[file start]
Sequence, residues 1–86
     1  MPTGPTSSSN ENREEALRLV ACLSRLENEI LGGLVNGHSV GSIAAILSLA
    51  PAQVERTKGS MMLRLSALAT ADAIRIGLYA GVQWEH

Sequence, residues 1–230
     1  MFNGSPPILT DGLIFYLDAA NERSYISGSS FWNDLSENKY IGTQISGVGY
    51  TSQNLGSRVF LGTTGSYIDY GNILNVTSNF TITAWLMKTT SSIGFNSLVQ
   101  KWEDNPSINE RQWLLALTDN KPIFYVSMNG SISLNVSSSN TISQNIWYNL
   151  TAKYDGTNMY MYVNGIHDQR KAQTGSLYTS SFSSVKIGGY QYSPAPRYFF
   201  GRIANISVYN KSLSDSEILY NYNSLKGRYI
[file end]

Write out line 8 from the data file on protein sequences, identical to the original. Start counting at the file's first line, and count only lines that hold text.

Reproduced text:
   151  TAKYDGTNMY MYVNGIHDQR KAQTGSLYTS SFSSVKIGGY QYSPAPRYFF